11. 12. Target Organ Damage <ul><li>Heart Disease </li></ul><ul><ul><li>CAD (Angina, myocardial infarction, coronary revascularization </li></ul></ul><ul><ul><li>Left Ventricular Hypertrophy </li></ul></ul><ul><ul><li>Heart Failure </li></ul></ul><ul><li>Stroke/TIA </li></ul><ul><li>Chronic kidney disease </li></ul><ul><li>Peripheral arterial disease </li></ul><ul><li>Retinopathy </li></ul>
  12. 13. Goals of Therapy <ul><li>BP <140/90 mmHg </li></ul><ul><li>BP <130/80 mmHg in patients with diabetes or chronic kidney disease. </li></ul><ul><li>Achieve SBP goal especially in persons > 50 years of age . </li></ul>
  13. 14. Lifestyle Modification Approximate SBP reduction (range) Modification 5–20 mmHg/10 kg weight loss Weight reduction 8–14 mmHg Adopt DASH eating plan 2–8 mmHg Dietary sodium reduction 4–9 mmHg Physical activity 2–4 mmHg Moderation of alcohol consumption
  14. 15. Drugs for Hypertension <ul><li>Diuretics </li></ul><ul><ul><li>Thiazide </li></ul></ul><ul><ul><li>Loop diuretics </li></ul></ul><ul><ul><li>Aldosterone antagonists </li></ul></ul><ul><ul><li>K-sparing </li></ul></ul><ul><li>Adrenergic inhibitors </li></ul><ul><ul><li>Peripheral agents </li></ul></ul><ul><ul><li>Central (α-agonists) </li></ul></ul><ul><ul><li>alpha -blockers * </li></ul></ul><ul><ul><li>beta-blockers </li></ul></ul><ul><ul><li>Alpha+beta-blockers </li></ul></ul><ul><li>Direct Vasodilators * </li></ul><ul><li>Calcium channel blockers </li></ul><ul><ul><li>Dihydropyridine </li></ul></ul><ul><ul><li>Non dihydropyridine </li></ul></ul><ul><li>ACE-inhibitors </li></ul><ul><li>Angiotensin-II blockers </li></ul>* Usually not monotherapy
  15. 17. Algorithm for Treatment of Hypertension Not at Goal Blood Pressure (<140/90 mmHg) (<130/80 mmHg for those with diabetes or chronic kidney disease) Initial Drug Choices Lifestyle Modifications Drug(s) for the compelling indications Other antihypertensive drugs (diuretics, ACEI, ARB, BB, CCB) as needed. With Compelling Indications Stage 2 Hypertension (SBP > 160 or DBP > 100 m mHg) 2-drug combination for most (usually thiazide-type diuretic and ACEI, or ARB, or BB, or CCB) Stage 1 Hypertension (SBP 140 –159 or DBP 90–99 mmHg) Thiazide-type diuretics for most. May consider ACEI, ARB, BB, CCB, or combination. Without Compelling Indications Not at Goal Blood Pressure Optimize dosages or add additional drugs until goal blood pressure is achieved. Consider consultation with hypertension specialist.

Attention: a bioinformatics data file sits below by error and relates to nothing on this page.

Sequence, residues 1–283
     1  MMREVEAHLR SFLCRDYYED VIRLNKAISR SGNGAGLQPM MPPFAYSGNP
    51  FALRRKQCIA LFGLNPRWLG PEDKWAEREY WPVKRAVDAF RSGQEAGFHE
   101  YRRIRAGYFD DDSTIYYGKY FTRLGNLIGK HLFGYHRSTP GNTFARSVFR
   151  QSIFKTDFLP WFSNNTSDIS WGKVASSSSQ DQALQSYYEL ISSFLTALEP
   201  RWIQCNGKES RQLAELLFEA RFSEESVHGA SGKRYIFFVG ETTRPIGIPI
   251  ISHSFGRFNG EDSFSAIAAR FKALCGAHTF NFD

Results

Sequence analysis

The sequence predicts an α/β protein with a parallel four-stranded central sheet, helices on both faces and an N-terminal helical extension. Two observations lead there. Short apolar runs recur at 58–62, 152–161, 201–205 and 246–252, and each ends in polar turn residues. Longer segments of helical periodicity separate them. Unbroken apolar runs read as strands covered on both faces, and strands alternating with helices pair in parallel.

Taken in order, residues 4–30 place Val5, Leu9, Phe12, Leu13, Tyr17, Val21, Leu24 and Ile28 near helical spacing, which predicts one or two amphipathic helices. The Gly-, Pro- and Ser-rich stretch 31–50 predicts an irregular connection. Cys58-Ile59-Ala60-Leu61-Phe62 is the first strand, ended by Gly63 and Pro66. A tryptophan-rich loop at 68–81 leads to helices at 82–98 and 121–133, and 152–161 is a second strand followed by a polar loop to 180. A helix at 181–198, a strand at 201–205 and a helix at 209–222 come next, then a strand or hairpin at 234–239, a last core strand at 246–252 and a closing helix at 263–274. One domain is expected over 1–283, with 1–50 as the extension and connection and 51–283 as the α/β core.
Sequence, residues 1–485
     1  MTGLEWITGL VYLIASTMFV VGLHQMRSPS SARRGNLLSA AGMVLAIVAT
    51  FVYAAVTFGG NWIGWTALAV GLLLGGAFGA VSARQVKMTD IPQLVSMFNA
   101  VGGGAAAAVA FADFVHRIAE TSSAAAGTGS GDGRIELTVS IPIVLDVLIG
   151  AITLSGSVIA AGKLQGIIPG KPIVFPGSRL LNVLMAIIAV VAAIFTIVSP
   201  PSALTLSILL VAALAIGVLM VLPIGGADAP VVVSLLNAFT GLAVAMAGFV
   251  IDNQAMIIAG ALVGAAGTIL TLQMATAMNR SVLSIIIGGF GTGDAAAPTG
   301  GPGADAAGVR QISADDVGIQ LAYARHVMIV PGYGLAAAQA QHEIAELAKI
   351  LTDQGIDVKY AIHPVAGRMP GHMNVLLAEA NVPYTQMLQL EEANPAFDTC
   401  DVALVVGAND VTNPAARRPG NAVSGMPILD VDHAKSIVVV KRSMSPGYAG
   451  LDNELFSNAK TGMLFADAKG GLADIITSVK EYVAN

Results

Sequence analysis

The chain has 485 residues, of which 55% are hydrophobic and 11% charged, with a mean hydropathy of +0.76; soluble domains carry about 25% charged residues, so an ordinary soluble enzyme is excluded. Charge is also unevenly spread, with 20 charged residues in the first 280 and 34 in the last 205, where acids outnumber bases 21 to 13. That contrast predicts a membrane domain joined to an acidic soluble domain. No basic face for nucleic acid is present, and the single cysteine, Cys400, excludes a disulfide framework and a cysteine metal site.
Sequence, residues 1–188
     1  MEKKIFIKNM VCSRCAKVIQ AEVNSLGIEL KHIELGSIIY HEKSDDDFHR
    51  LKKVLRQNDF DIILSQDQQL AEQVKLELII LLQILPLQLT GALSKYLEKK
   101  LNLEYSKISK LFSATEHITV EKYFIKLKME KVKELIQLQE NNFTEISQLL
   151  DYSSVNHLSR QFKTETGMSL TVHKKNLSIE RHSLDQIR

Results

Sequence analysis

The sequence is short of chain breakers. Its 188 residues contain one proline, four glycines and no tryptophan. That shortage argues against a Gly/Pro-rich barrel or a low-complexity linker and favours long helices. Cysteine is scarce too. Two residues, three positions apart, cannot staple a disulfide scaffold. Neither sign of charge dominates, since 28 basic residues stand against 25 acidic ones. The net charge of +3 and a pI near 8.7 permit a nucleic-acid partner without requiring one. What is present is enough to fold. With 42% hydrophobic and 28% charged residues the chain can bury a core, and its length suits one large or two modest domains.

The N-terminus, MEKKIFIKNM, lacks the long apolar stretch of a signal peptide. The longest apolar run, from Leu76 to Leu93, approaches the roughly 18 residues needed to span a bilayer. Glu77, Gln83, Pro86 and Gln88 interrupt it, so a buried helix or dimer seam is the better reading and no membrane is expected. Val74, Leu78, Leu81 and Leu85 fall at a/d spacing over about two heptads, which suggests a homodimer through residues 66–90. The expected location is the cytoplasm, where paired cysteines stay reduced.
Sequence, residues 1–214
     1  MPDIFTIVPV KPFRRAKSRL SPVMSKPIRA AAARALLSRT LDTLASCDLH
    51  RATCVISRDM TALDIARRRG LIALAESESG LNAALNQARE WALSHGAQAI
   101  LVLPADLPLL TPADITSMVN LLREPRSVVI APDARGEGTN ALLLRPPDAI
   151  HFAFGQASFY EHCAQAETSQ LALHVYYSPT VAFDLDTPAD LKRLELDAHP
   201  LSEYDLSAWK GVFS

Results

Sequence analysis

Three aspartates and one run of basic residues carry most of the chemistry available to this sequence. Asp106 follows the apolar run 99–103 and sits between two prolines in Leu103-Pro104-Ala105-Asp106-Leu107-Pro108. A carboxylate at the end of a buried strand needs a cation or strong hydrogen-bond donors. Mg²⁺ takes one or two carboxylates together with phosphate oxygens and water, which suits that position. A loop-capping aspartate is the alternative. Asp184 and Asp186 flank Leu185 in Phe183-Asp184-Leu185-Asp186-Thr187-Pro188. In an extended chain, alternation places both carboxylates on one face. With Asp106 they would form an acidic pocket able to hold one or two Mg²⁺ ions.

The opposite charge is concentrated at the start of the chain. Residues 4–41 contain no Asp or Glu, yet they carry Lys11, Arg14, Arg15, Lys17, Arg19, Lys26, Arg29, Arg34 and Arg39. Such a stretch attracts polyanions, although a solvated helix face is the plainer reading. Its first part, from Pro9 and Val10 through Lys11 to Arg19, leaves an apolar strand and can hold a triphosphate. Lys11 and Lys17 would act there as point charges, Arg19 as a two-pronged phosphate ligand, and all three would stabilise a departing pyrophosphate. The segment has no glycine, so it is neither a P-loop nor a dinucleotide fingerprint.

16. 18. Classification and Management of BP for adults *Treatment determined by highest BP category. † Initial combined therapy should be used cautiously in those at risk for orthostatic hypotension. ‡ Treat patients with chronic kidney disease or diabetes to BP goal of <130/80 mmHg. Two-drug combination (usually thiazide and ACEI or ARB or BB or CCB). Yes or > 100 > 160 Stage 2 Hypertension Other antihypertensive drugs (diuretics, ACEI, ARB, BB, CCB) as needed. Thiazide-type diuretics for most. May consider ACEI, ARB, BB, CCB, or combination. Yes or 90–99 140–159 Stage 1 Hypertension Drug(s) No antihypertensive drug indicated. Yes or 80–89 120–139 Pre-hypertension None None Encourage <80 <120 Normal Compelling indications Without compelling indication Initial drug therapy Lifestyle DBP SBP BP Class